After having selected, by the above-mentioned method, all the eligible place-names of Oriental origin — over 2,000 names — from the Directory of Hungarian place-names (P 094 and P 095), and located on a map showing the 63 counties of Hungary, the following statistics emerged:

Number of Old Hungarian place-names by counties

In Transdanubia

1. Zala 153
2. Vas 105
3. Somogy 96
4. Baranya 90
5. Veszprém 45
6. Komárom 43
7. Sopron 33
8. Fejér 31
9. Győr 21
10. Tolna 21
11. Moson 13
12. Esztergom 4
Total 655

In Transylvania

13. Bihar 99
14. Szolnok-Doboka. 62
15. Kolozs 58
16. Szilágy 57
17. Maros-Torda 55
18. Szatmár 54
19. Arad 32
20. Beszterce-N 27
21. Máramaros 26
22. Torda-Aranyos 11
Total 481

Below the Maros R.

23. Hunyad 36
24. Krassó-Sz 28
25. Udvarhely 22
26. Háromszék 21
27. Temes 19
28. Csik 18
29. Fogaras 16
30. Alsó-Fehér 16
31. Szeben 9
32. Kisküküllő 8
33. Nagyküküllő 7
34. Brassó 0
Total 200

In Upper Hungary

35. Nyitra 41
36. Nógrád 40
37. Gömör 35
38. Bars 28
39. Pozsony 24
40. Trencsén 23
41. Hont 17
42. Szepes 14
43/44. Zólyom-Liptó 11
45/46. Árva-Turóc 7
Total 240

In the Upper Tisza valley

47. Ung 48
48. Borsod 44
49. Abaúj-Torna 44
50. Sáros 42
51. Zemplén 40
52. Szabolcs 40
53. Bereg 34
54. Heves 30
55. Ugocsa 0
Total 322

In the Flood area of the Tisza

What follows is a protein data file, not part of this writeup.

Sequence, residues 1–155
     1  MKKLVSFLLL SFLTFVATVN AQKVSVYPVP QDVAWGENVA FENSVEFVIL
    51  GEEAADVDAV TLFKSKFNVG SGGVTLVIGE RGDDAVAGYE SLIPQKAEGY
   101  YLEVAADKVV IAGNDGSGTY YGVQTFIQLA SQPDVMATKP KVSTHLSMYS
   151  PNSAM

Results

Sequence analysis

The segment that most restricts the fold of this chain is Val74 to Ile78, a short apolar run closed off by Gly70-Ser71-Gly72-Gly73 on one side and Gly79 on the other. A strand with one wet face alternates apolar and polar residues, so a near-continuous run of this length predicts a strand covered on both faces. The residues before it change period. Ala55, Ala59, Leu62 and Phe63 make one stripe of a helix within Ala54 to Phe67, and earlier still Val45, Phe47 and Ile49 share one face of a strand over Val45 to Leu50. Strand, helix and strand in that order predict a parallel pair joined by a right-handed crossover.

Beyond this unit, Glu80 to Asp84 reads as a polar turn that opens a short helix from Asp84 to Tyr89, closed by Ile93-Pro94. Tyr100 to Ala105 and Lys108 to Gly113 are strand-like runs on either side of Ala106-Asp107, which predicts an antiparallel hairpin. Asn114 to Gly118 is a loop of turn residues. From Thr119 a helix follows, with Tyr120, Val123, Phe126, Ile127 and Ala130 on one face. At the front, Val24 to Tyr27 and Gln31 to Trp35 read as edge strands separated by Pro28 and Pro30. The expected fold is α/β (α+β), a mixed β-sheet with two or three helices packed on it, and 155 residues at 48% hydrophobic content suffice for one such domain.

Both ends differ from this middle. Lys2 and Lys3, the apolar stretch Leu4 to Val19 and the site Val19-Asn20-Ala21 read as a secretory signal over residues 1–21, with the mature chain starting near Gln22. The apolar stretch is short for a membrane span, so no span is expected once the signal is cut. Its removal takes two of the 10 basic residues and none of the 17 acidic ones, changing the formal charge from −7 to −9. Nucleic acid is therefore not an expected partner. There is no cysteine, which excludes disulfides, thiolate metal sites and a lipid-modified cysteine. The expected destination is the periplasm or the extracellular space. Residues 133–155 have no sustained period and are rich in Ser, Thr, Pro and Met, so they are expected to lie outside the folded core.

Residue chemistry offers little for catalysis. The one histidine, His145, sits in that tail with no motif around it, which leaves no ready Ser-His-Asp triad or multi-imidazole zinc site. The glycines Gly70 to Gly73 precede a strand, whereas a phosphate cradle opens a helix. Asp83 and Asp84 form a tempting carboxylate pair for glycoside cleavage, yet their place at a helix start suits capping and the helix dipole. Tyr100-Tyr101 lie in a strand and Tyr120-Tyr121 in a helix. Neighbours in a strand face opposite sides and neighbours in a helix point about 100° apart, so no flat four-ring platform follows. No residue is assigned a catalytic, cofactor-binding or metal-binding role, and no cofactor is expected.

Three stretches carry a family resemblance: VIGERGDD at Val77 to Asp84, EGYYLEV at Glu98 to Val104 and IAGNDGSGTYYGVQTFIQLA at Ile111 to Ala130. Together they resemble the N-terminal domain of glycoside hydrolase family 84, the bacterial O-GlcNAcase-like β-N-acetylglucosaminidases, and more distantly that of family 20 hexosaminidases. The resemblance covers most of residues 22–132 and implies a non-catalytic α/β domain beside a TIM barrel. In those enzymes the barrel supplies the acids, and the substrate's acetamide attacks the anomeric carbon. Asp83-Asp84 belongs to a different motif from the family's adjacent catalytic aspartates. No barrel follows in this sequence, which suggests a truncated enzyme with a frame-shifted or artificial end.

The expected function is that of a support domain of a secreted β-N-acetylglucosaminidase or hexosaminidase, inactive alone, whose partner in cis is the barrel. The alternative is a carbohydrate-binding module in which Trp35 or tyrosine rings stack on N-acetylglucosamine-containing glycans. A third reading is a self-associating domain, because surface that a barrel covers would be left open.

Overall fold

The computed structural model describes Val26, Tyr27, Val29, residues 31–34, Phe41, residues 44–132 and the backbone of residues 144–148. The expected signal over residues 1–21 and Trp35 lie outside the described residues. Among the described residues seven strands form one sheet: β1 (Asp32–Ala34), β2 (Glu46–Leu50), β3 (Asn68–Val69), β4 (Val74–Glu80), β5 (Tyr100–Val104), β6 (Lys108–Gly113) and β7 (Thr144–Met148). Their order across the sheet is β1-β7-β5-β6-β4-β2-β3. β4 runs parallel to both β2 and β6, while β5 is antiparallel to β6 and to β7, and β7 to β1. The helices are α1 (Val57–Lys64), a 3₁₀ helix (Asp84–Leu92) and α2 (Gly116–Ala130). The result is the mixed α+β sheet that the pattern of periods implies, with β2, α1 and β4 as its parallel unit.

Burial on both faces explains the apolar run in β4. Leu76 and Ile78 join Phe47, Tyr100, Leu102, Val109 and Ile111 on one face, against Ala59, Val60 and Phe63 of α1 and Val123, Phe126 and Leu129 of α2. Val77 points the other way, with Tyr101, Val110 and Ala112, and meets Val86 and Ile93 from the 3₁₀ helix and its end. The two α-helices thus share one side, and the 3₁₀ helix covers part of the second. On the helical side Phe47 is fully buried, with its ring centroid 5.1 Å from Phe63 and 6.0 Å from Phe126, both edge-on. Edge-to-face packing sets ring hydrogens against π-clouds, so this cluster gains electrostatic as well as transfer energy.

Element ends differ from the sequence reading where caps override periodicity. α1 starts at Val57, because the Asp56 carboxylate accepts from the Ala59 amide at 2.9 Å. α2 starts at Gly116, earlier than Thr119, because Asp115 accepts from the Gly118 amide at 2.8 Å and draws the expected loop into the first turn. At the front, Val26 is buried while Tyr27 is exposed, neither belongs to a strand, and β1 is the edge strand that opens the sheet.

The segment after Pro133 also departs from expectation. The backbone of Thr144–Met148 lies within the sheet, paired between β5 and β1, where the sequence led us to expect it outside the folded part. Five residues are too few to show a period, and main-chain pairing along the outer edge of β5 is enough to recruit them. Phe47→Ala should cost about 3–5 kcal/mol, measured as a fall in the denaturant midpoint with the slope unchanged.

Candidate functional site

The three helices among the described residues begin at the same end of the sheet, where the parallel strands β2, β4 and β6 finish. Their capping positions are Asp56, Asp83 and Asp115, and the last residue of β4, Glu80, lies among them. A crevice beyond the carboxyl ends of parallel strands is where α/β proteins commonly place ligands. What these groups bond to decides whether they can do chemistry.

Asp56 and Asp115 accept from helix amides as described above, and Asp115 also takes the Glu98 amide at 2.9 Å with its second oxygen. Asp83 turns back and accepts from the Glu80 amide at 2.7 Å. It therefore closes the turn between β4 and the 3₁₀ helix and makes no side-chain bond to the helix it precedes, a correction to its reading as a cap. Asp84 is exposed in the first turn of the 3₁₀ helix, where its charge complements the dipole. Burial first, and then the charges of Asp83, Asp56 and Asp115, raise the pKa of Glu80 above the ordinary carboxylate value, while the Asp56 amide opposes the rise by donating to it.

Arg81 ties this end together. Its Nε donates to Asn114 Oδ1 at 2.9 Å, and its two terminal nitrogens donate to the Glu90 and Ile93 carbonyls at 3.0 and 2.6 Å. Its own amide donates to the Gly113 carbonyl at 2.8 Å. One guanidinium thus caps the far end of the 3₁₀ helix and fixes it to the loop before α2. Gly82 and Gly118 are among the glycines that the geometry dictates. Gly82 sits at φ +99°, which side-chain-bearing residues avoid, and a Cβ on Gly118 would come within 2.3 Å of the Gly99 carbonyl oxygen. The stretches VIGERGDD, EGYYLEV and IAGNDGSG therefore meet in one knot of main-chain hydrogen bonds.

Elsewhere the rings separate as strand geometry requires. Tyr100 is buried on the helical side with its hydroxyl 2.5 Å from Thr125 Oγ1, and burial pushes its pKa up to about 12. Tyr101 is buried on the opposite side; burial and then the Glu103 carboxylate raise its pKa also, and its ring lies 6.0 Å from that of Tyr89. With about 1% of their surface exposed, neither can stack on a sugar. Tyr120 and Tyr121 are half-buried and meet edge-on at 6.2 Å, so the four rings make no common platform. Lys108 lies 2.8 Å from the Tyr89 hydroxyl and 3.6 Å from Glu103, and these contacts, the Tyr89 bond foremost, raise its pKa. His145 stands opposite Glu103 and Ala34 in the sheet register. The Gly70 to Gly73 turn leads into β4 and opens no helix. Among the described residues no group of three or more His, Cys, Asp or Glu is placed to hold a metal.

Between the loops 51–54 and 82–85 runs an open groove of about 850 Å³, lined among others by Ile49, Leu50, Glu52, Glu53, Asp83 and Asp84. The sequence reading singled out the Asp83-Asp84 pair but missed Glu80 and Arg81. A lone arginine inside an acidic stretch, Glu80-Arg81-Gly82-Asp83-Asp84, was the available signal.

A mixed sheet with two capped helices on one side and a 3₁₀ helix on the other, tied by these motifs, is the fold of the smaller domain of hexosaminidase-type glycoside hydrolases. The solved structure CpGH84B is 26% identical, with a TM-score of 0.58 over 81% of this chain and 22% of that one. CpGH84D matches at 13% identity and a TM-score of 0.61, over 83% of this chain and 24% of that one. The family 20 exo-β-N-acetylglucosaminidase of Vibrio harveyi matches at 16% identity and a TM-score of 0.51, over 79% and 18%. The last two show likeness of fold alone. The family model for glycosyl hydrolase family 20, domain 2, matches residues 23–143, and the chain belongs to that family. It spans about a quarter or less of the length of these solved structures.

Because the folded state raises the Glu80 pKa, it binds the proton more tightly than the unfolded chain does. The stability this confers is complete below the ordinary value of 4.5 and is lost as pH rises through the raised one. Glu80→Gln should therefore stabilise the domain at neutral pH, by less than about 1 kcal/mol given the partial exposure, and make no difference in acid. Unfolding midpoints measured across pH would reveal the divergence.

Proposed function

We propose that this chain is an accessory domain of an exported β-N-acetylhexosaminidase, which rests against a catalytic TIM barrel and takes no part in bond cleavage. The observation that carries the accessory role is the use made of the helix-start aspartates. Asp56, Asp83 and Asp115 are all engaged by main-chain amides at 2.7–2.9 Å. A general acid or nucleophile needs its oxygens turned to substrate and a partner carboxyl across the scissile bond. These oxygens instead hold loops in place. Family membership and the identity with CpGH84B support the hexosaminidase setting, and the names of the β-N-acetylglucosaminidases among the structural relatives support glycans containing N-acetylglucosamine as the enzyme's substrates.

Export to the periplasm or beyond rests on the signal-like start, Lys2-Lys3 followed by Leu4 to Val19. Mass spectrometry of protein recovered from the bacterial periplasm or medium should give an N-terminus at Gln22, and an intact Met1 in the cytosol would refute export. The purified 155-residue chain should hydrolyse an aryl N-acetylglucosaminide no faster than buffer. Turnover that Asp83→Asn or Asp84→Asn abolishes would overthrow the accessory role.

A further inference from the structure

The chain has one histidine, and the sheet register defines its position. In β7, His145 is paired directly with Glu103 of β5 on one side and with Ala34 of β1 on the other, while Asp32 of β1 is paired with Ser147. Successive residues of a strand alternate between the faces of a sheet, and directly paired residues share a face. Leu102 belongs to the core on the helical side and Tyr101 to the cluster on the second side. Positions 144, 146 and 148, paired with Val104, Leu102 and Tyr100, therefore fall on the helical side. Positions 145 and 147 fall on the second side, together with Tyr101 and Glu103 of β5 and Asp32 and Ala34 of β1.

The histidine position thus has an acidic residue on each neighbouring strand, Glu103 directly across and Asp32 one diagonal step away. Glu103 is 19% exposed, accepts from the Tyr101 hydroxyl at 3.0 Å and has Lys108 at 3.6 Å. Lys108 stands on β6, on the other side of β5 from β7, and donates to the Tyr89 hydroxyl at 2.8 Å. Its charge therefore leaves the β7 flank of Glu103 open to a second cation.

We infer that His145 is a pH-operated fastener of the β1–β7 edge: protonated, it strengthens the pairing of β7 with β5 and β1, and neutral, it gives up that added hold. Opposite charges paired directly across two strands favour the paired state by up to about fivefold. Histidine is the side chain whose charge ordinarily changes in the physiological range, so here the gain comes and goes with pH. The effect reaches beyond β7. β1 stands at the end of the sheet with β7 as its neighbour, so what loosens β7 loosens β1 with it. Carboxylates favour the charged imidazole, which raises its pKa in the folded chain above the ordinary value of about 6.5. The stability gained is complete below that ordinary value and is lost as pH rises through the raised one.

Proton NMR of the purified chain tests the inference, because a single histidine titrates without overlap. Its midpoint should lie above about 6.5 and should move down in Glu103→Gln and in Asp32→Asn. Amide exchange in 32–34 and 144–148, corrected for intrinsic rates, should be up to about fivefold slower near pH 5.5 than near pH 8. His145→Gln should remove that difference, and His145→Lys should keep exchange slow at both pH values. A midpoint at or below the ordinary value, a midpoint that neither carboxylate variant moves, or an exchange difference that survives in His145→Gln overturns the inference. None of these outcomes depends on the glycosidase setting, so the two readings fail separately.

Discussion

56. Pest (P-S-K) 73*
57. Bács-Bodrog 34
58. Békés 16
59. Torontál 11
60. Csongrád 7
61. Jász-Nk-Sz 7
62. Hajdú 6
63. Csanád 0
Total 154

Totals by region

1-12. Transdanubia 655
13-22. Transylvania 481
23-34. Below the Maros river 200
35-46. Upper Hungary 240
47-55. Upper Tisza valley 322
56-63. Flood area of the Tisza 154
Grand Total 2,052**

  * Notwithstanding that Pest county has 73 ancient place-names, its territory is not marked with squares on our map, because of its oversized extension, but with dotted lines only.

** Our data relating to the counties between the rivers Drava and Szava are incomplete.

The results of the above statistics have been illustrated on a map (Fig. 27), including the eight counties between the rivers Drava and Sava. Marked with squares are the most densely settled counties, i.e. in which at least 45 Old Hungarian place-names have been found. The less densely populated areas are marked with dotted lines, i.e. counties having at least 30, but not more than 44 Old Hungarian place-names, while the sparsely populated counties, with less than 30 old place-names, are left in white.